Survey: Investors better off with passive index fundsNews added by LifeHealthPro on April 1, 2013
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Joined: April 22, 2011

By Warren S. Hersch

Most of the people who paid a mutual fund manager in the last decade would have done better by investing in a passive index fund at a much lower cost, according to new research.

NerdWallet published this finding in a summary of results from a survey that examines more than 24,000 mutual funds and ETFS available to U.S. investors for the ten-year period ending on December 31, 2013. Of these, 7,943 were in existence for the full ten years.

See also: Passive funds outperformed actively managed mutual funds over past decade

The asset-weighted average return of the actively managed mutual funds over this period was 6.50% while the passively managed index products averaged 7.30%, the report states. Similarly, for equity funds the average return was 7.19% for active managers and 7.65% for passive funds.

Index funds outperformed actively managed funds regardless of whether returns were measured by asset-weighted average, median, or a simple average, the survey adds.

“Past academic studies have indicated that professional investors are not worth the cost because the after-fee return is lower than that of the market index,” the report states. “Theoretically, active managers as a group will have a hard time outperforming the market over the long-run because professional investors are a large portion of the market and once fees are netted out, they are likely to underperform a passive index.”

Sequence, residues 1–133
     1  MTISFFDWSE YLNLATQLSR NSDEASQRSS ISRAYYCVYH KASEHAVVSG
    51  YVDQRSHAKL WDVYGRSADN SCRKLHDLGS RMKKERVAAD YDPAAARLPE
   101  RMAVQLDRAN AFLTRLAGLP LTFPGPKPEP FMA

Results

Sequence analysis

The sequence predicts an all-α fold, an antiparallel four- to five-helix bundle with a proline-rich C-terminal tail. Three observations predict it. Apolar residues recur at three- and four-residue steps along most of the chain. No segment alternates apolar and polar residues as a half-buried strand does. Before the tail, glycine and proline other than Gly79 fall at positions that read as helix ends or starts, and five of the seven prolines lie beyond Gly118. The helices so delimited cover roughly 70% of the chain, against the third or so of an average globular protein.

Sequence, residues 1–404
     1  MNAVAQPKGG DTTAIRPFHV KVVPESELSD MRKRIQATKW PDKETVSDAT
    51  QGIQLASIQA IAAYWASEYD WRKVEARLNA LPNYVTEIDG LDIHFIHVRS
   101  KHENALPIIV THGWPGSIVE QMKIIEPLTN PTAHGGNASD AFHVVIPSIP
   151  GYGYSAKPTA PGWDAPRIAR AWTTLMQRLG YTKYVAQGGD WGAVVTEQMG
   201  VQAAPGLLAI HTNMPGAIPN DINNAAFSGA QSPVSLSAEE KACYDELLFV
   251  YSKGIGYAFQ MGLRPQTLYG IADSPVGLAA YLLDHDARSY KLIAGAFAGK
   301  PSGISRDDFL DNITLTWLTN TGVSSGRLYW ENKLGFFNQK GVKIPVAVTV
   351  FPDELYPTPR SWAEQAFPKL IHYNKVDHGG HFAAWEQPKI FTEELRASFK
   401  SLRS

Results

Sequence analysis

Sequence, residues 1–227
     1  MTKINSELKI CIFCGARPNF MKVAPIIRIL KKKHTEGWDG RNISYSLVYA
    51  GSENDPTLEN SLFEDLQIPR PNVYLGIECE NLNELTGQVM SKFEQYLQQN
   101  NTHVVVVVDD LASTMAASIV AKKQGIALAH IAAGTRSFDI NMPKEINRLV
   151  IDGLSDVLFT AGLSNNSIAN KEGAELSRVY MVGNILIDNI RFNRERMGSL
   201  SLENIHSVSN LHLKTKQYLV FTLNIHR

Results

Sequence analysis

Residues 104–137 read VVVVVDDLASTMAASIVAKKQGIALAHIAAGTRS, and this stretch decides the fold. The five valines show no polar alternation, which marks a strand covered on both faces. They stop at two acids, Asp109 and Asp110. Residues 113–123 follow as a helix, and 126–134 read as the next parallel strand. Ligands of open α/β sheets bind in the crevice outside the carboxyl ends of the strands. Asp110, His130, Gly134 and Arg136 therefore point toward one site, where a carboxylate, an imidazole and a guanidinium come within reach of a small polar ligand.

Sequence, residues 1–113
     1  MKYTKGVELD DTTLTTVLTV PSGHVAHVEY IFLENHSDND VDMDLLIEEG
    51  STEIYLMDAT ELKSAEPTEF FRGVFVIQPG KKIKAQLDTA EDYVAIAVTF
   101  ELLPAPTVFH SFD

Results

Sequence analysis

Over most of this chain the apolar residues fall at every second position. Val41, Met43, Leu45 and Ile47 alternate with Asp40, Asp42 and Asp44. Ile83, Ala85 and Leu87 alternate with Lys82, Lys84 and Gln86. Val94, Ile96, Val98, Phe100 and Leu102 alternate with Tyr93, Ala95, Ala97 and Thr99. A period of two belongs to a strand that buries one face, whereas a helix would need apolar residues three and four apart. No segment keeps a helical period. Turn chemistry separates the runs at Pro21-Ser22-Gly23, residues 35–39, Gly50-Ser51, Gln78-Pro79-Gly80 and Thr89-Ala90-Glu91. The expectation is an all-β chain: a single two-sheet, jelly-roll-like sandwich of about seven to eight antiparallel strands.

Among the report’s additional conclusions:
  • Only 24% of professional investors beat the market over the past 10 years
  • Index funds outperform actively managed funds by 0.80% annually, but active managers have lower risk
  • Active managers outperform the index by 0.12% before fees, but charge more in fees than the value they create
  • Large funds significantly outperform small funds with much higher returns and lower risk
  • Smaller stocks are riskier than large stocks, but don’t necessarily deliver higher return
  • Growth stocks significantly outperformed value stocks over the past decade
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